The Month of Letters in the Atlanta Journal-Constitution

March 6, 2013 in Journal, News

I was interviewed for an article about letter writing that appeared in a recent issue of the Atlanta Journal-Constitution.

“You forget the cool things about (letters),” Kowal said by phone before heading out to mail her output that day of 32 letters and postcards. “A letter is a tangible representation of that time in your life. When you send it to someone else, even to someone you don’t know, you’re making a personal connection.”

Most of the focus is on a gentleman doing a variant on the 365 Letters project, and it’s neat to see the discoveries he is making. Some of them may sound familiar to you as part of your own journey in postal land. You can read the full article here.

5 responses to The Month of Letters in the Atlanta Journal-Constitution

  1. That was a wonderful article! Of course, I had to send him a letter request – like I don’t have a lot of letters to write already. Thanks for posting this.

  2. The comment about cursive being hard made me whimper a little, but that’s not why I’m commenting today. That reason is: Congrats on 1800 site members!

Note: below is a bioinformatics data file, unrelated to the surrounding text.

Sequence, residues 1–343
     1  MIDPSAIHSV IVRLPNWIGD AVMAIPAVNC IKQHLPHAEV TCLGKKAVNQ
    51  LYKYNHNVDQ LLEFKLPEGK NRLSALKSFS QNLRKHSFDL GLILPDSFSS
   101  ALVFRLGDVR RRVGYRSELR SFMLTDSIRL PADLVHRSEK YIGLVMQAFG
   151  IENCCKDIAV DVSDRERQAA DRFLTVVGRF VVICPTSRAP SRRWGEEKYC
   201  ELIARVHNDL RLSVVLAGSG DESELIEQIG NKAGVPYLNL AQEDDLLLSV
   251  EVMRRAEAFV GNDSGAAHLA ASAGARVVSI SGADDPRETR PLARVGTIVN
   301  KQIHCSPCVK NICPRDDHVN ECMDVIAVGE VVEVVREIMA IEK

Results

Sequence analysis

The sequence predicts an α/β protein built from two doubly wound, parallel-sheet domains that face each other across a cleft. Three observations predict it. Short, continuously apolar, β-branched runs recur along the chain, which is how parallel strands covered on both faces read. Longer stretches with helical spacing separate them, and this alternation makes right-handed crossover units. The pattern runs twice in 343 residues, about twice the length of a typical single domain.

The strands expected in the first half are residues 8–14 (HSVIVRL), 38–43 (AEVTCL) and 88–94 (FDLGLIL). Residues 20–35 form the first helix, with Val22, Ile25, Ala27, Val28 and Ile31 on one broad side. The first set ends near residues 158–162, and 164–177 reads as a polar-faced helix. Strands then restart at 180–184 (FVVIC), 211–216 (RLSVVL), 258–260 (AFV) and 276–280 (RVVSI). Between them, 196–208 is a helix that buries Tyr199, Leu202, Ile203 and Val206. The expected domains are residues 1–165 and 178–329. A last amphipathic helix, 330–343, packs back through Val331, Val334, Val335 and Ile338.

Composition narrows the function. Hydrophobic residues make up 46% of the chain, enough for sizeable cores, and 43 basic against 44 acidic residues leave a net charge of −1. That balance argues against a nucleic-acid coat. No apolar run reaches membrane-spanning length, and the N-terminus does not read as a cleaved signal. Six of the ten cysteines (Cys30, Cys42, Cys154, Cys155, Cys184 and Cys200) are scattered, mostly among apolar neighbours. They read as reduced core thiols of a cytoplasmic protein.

3. Great article. I also sent a letter request.

  4. Great concept! So glad to have found you. You might enjoy a recent post at http://www.ritewhileucan.com/more-is-less-no-more-giving-up/ that tells the story of how a mother and daughter decide to write a letter for each day of Lent. Ripple effect guaranteed. Write on!

  5. I have been going through some old newspapers (The Syracuse Post Standard,Syracuse,NY. There on the bottom of the front page of the CNY section
    was the title “Atlanta writer (sincerely) promises a “Letter A Day”. I just finished reading it, and have momentarily ignored the TV screen for the computer screen.
    In sum, my very good friend Marge and I have been writing each other letters and
    cards for several years now, even though we both have our computers to use for IM and FB messages. We must be of a generation that remembers to write Thank You notes, using the better cards, and sign your name. I create my own cards (from a computer program) but make them truly mine. I also have rubber stamps and ink, and am happy doing this. Ultimately it creates a something memorable. And in cursive handwriting because we learned that too, and correctly. In this world of instant messaging, how nice to get a real card and letter in the mail. Often.
    Most sincerely,
    Deborah A. Steinhauser
    Cortland, NY

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